Rosewater was the editor of the Omaha Daily Bee, had a reputation for always being "aggressive and controversial" and was influential in Nebraska politics as one of the leaders of the state Republican Party. During the American Civil War, while serving at the White House telegraph office, Rosewater was responsible for sending out President Abraham Lincoln’s “ Emancipation Proclamation on January 1, 1863.

I LOVE my old school, although in 1985 it was converted to apartments. I think of the thousands of kindergarten to 8th grade student’s running (excuse me) walking through it’s halls. Whenever I drive past it, I remember the wonderful teachers I had, the great friends we all were, and the love for America and the American flag that was instilled in us. I entered kindergarten at Rosewater when I was 5 years old (1943) and graduated in 1952. My kindergarten teacher was Miss Brown (all the teachers were called “Miss” if they were single or not). We learned social skills…how to not fight over a toy (yep, we actually had toys in kindergarten), played house in the little play kitchen complete with dishes and pans and discovered that being the “mother” had a lot more responsibilities than we ever knew about.

We napped on our little rugs every afternoon and learned that the teacher was “boss” even if our mother’s thought we were special and above reproach. Miss Brown gently but firmly molded us into good kindergarten citizens. I was in school during World War II, and patriotism was strong at Edward Rosewater. We stood each morning before class, put our hand over our heart and recited, “I pledge Allegiance to the flag of the United States of America and to the Republic for which it stands, one Nation, indivisible with Liberty and Justice for all” .  "Under God" was added in 1954, two years after we graduated.

To this day, I can’t watch our Flag in a parade, hear a patriotic song or recite the “Pledge of Allegiance” without getting teary eyed. Can’t help it….this is my country.

Next time you are watching a sports program TV or are at an event where the National Anthem is sung or watching a parade when the American flag is raised or is carried ...look around you. Those people with their right hands over their hearts were taught that many years ago in school......and haven't forgotten.

Note:  United States Code, 36 U.S.C. § 301, states that during a rendition of the national anthem, when the flag is displayed, all present except those in uniform should stand at attention facing the flag with the right hand over the heart; Members of the Armed Forces and veterans who are present and not in uniform may render the military salute; men not in uniform should remove their headdress with their right hand and hold the headdress at the left shoulder, the hand being over the heart; and individuals in uniform should give the military salute at the first note of the anthem and maintain that position until the last note; and when the flag is not displayed, all present should face toward the music and act in the same manner they would if the flag were displayed.

However, this statutory suggestion does not have any penalty associated with violations. This behavioral requirement for the national anthem is subject to the same First Amendment controversies that surround the Pledge of Allegiance.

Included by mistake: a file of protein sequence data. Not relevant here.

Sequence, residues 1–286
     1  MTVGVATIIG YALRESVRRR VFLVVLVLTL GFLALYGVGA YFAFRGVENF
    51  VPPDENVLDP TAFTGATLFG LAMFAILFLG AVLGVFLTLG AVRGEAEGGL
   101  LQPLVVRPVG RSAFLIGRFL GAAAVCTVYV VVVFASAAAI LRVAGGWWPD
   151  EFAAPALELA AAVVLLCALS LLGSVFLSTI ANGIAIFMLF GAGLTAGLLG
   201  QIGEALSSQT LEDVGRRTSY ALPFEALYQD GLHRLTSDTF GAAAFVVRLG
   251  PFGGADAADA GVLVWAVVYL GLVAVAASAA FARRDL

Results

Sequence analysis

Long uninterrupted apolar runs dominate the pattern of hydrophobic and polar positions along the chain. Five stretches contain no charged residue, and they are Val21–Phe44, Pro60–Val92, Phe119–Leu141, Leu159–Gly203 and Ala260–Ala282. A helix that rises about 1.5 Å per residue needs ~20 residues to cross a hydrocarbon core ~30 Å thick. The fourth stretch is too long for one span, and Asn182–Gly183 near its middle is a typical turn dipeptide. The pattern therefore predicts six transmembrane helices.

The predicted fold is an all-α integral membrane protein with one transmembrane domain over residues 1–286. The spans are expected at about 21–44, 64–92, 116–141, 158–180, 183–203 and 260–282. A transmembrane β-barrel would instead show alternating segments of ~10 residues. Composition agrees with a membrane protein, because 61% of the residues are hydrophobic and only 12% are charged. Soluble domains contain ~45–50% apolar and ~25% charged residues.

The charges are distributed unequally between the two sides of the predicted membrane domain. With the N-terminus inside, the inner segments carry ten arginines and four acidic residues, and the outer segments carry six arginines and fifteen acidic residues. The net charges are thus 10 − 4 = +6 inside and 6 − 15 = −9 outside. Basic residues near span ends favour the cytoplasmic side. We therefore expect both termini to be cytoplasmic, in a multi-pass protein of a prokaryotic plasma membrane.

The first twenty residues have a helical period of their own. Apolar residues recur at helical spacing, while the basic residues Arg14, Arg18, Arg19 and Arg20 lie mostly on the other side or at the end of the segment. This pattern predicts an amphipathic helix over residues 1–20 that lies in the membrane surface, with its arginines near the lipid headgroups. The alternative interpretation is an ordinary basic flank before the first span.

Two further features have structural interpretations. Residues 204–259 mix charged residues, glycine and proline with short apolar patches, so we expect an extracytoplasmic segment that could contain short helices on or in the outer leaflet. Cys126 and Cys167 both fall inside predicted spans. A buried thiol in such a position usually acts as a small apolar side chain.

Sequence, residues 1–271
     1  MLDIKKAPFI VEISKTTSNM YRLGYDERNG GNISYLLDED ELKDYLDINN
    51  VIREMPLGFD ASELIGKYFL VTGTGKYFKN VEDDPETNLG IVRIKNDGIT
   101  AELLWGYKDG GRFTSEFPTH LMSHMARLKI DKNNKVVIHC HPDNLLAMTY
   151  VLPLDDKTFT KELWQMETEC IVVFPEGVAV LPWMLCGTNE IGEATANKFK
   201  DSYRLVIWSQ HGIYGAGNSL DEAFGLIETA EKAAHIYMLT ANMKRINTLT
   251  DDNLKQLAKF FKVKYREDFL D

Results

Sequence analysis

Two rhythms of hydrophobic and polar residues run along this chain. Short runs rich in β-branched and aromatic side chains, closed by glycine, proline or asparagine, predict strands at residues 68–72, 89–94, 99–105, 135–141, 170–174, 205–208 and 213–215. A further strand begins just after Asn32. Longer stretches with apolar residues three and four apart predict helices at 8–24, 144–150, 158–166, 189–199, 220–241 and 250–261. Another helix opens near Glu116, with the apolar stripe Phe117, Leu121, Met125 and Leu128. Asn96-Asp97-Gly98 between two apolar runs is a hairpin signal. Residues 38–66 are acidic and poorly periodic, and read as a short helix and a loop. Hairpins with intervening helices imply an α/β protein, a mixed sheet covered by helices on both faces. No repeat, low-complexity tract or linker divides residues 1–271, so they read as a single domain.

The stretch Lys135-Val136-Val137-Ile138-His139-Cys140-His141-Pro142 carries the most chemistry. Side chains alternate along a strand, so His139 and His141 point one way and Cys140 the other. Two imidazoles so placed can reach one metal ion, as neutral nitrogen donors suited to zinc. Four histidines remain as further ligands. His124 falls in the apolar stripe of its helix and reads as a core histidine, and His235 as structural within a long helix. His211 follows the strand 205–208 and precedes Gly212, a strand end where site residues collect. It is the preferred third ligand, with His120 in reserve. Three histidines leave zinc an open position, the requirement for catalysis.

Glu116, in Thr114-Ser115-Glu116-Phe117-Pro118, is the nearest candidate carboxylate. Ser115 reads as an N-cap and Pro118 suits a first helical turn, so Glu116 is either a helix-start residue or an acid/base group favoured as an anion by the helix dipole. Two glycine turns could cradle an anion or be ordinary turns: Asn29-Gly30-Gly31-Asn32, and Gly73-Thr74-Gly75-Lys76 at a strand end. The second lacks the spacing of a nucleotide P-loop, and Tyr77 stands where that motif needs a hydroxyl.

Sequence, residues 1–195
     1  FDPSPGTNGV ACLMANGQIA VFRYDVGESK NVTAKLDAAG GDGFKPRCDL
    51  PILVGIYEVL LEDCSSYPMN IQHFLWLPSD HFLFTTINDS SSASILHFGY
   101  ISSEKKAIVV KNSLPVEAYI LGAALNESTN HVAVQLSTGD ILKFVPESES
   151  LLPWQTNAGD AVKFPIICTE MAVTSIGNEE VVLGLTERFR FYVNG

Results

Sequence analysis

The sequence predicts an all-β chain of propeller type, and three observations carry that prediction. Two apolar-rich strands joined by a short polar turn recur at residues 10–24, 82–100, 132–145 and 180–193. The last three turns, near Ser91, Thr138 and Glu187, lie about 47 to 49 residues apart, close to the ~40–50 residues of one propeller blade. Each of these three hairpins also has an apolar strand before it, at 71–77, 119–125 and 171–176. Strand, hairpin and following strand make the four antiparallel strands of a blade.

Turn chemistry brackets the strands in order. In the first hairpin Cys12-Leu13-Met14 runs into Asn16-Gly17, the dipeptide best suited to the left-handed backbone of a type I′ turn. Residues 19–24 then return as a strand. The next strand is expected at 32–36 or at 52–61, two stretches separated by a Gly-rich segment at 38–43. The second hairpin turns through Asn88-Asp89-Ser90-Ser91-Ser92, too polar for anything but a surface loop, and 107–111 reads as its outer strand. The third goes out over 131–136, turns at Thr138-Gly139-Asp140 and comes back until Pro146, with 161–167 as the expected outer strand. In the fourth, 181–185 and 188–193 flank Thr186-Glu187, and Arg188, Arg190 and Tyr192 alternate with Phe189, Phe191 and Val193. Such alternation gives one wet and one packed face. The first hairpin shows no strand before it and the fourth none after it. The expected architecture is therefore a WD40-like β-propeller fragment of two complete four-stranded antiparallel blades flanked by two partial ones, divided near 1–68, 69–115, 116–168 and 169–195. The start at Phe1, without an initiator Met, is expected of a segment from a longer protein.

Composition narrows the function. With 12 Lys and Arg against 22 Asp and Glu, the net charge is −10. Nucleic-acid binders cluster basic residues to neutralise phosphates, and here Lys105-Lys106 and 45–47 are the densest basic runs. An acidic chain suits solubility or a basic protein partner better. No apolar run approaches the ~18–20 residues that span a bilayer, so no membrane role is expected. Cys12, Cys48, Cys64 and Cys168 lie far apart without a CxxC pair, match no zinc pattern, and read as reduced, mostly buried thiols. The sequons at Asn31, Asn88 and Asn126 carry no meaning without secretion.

Miss Reilly, our Principal (“always remember that the Principal is your “Pal”….well sometimes anyway), would call a school assembly every Friday afternoon and each class from kindergarten to 8th grade would sing. We learned all the verses to “The Star Spangled Banner”, “America the Beautiful”, “America"  (My Country Tis of Thee), and every patriotic song she could think of.  We sang the songs of the Army, Navy, Air Force, Coast Guard, Marines and probably some I can't remember....and we sang with gusto! 

My brother Bobby, was in the Navy and at every Friday assembly, Miss Reilly would ask us to think about those who are fighting for our freedom. I don’t remember if she asked us to say a prayer for them, but at that time, she probably could have.  I know my nighttime prayer always ended with “Please God, bring my brother Bobby home safe”

This is my kindergarten class…we must have been warned not to smile....I'm not in it. I don't remember why not..

Several of the kids left Rosewater after kindergarten.….the neighborhood Catholic school, St. Rose, didn’t have kindergarten so the Catholic kids started kindergarten at Rosewater and then transferred to St. Rose Catholic School which was just down 13th Street from Rosewater.

I believe this is the 2nd and 3rd grade combined class, second row, 2nd from the right.

Finally, our graduating class of 1952.

In 2012, we had a small class reunion of the Edward Rosewater graduating class of 1952.  Not all were able to attend, but those who did, had a great time seeing friends and classmates that they HAD NOT seen since 1952.  

Model Trains and Model Railroading....not just a hobby

Why is model railroading a great hobby for kids?

FAMILY/ INDEPENDENCE – a kid hears “NO” a lot.  A model railroad puts kids in charge of powerful locomotives.  Trains run when the kids want them to and the track, scenery and buildings are ones that they helped to choose. Model railroading bonds parents, grandparents and children.  The whole family will enjoy building and running the railroad thus building lasting memories.  

DECISION-MAKING/ ACCOMPLISHMENT – – many kids lack opportunities for accomplishment.  Not every child is a basketball, football or any other sports star. Model railroading gives them a chance to build something unique that impresses everyone who sees it.  A model railroad is a solid real-world achievement. Choices on the model railroad will bring immediate results.  Wrong choices cause derailments and problems.  Right choices make the trains run smoother or make the layout look more realistic.